Senator Rand Paul educated Stephen Colbert about a huge problem with the FBI’s Russia investigation Wednesday night, reminding the host that the intelligence agencies can monitor anyone’s private communications, including those involved with the investigation itself.
Colbert asked Paul if he thinks the FISA memo, which is said to detail FBI manipulation of a federal surveillance court in order to spy on President Trump’s campaign officials, should be released to the public.
Paul detailed some uncomfortable truths as part of his answer:
“I’m concerned. My biggest concern is over something that Madison said at the beginning of our country, he said that ‘men are not angels’ and that’s why we need more oversight of government,” Paul told Colbert.
“Our intelligence community has the authority to listen to every phone call. Everyone’s phone calls could be listened to if they wanted to. Everyone in your e-mails can be tracked.” the Senator warned.
Paul added that he is concerned about ‘bias’ within the Justice Department and the FBI, and that there needs to be “a judge and a warrant” as an appropriate check and balance.
“I think because men are not angels and women aren’t either, that there can be bias that are into the intelligence community, so we have to be very, very careful that someone gives them a check and balance and that check and a balance should be a judge and a warrant against, you know, I fought with this collection of FISA data that we should go to a judge to get to that,” Paul stated.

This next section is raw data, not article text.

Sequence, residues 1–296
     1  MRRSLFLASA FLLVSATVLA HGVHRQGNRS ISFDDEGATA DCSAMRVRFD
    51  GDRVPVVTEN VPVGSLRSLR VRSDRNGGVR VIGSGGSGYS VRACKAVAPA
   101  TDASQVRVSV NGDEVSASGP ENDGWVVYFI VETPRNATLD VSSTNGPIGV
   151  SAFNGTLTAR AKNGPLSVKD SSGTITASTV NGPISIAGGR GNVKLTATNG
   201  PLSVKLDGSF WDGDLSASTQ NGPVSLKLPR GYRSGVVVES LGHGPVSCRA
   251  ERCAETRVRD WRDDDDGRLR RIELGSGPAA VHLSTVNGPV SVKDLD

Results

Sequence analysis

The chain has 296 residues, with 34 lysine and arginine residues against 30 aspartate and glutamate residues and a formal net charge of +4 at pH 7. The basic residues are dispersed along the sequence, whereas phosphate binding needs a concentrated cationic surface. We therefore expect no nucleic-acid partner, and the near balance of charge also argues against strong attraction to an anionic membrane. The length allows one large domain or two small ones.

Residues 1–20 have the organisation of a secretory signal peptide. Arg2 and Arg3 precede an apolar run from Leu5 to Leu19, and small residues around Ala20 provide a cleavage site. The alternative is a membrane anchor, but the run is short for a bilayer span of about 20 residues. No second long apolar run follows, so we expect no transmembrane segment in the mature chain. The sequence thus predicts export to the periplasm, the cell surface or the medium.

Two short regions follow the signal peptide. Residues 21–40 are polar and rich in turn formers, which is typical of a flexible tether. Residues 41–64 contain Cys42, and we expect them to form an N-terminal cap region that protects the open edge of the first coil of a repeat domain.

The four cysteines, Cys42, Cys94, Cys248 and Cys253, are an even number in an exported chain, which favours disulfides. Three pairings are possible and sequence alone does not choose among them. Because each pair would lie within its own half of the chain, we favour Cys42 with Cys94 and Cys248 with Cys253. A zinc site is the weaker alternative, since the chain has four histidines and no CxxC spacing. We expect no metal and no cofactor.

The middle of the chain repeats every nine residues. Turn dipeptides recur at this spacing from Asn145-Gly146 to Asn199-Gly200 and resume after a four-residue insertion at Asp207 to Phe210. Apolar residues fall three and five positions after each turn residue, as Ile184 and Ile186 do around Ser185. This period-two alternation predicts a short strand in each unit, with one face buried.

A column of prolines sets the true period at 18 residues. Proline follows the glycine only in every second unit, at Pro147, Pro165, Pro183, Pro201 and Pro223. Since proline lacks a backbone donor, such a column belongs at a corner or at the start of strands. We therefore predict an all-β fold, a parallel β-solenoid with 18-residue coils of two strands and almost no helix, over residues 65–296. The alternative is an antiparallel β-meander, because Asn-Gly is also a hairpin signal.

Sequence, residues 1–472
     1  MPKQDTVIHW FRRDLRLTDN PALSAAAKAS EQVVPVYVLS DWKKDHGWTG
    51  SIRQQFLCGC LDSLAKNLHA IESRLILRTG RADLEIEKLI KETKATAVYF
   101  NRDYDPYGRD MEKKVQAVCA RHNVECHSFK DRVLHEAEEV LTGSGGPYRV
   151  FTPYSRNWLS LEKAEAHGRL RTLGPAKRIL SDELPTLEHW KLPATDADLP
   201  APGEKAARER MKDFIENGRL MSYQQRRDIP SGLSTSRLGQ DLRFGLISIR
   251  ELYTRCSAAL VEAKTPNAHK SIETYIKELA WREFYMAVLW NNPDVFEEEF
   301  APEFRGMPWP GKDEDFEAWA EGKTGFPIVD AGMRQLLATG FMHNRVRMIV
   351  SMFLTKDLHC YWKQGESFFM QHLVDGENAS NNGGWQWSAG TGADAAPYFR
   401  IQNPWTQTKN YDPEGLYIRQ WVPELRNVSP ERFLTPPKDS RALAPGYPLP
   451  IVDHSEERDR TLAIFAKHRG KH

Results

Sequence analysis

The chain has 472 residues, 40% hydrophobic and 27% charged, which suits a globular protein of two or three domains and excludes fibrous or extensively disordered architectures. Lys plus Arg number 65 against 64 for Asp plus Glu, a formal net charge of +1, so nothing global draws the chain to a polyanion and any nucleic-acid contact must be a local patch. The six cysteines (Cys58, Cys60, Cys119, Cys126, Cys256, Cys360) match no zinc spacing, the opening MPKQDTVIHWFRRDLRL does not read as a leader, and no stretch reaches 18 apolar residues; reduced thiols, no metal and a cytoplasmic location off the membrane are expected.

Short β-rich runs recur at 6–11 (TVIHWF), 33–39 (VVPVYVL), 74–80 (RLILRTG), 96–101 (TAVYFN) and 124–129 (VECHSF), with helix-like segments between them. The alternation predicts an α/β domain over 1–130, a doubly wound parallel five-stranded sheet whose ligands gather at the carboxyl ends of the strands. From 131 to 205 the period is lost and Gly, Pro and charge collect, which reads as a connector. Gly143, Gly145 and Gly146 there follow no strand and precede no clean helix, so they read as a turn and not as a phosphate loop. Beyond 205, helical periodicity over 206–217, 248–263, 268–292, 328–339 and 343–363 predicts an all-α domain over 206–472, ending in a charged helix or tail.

The Senator expressed concern that the Russia investigation precipitated the indictment of former National Security Adviser Michael Flynn, even though it had nothing to do with alleged Russian interference in the 2016 presidential election.
“I’m concerned that we give too much power to a prosecutor who was supposed to be going after Russian collusion,” Paul urged.
“So far he’s gotten somewhat over. He recorded General Flynn and then got him to say something inconsistent with what was recorded on the phone call,” the Senator continued.
“Think about it from a personal perspective, if I have a thousand phone calls of Stephen Colbert, what I could learn? And then I can interview you, and if you say anything inconsistent with what you said on your private phone calls, I could put you in jail.” Paul explained.
Rand Paul once again proved that he is a consistent voice of reason when it comes to surveillance overreach and the misdeeds of the intelligence community.